Just like humans, pets can have allergies -- and they can develop at any age. The most common allergies veterinarians see are atopy (which is often seasonal and caused by something in a pet’s environment), food allergies, and contact dermatitis.
If you notice your pet licking and scratching certain areas (such as their toes, ears, and face), it might be a sign that they have an allergy and should be checked out by a vet.
It goes without saying that we want the best for our pets. But sometimes, allergies in cats and dogs can be exacerbated by factors that are within our control, such as a nutrition. According to Will Post, founder and CEO of Hound & Gatos Pet Foods Corporation, many well-meaning pet parents fail to notice ingredients or materials that can actually make pets' allergies worse.
“If you have a pet with allergies it is important to pay close attention to both their food and things in their environment,” explains Post, adding that it’s important for pet owners to recognize and avoid possible allergy triggers.
Bringing pets relief
To minimize the risk of aggravating pets' allergies, it’s crucial to know what to look for and what to avoid in your dog or cat's food, toys, and environment. Bringing pets relief from their allergy symptoms could mean changing things up in the following categories:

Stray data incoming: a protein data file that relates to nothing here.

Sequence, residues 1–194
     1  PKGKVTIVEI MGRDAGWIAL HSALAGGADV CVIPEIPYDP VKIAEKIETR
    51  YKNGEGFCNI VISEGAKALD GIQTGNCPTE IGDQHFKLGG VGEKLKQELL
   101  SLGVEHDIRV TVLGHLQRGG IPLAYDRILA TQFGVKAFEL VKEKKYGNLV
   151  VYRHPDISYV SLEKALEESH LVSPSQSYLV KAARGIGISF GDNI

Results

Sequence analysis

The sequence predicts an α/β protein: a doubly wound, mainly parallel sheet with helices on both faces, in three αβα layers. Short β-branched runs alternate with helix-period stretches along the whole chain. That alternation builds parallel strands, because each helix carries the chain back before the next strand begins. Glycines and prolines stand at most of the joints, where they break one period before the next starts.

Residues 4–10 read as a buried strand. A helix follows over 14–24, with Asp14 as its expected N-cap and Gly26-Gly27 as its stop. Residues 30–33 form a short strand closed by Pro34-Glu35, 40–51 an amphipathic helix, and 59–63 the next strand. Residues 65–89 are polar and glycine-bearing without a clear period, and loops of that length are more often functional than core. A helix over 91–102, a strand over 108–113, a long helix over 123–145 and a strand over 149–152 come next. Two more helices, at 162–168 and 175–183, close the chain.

- Food. “Feeding them well is going to go a long way toward helping their allergies to improve,” says Post, who explains that healing the gut is the first step toward helping the body fix itself. Certain ingredients in pet food, such as corn, wheat, fillers, gravies, and preservatives should be avoided. Pets with allergies should be eating wholesome foods that are made of just meat. Posts notes that it’s also important to know about the meat: what type it is and where it was sourced.
- Toys and bedding. Certain materials in toys and bedding can also make allergies worse. Plastic should be avoided as much as possible, says Post.
- Environmental factors. Certain materials in the environment can also trigger allergic reactions. Trees, grass, weed pollens, mold spores, and dust mites are a few of the more common environmental allergens. If dust is the culprit, WebMD recommends cleaning pets bedding, dusting, and vacuuming at least twice a week. Weekly bathing can also help remove allergens.
What to do
Other signs that your pet may have allergies include ear problems, skin rash, face rubbing, paw biting, and sometimes vomiting.
If you suspect your pet has an allergy, consult a veterinarian. For food allergies, vets may recommend specific foods or a home-cooked diet. If environmental factors or airborne allergens are causing allergic reactions, your vet may recommend medications or supplements.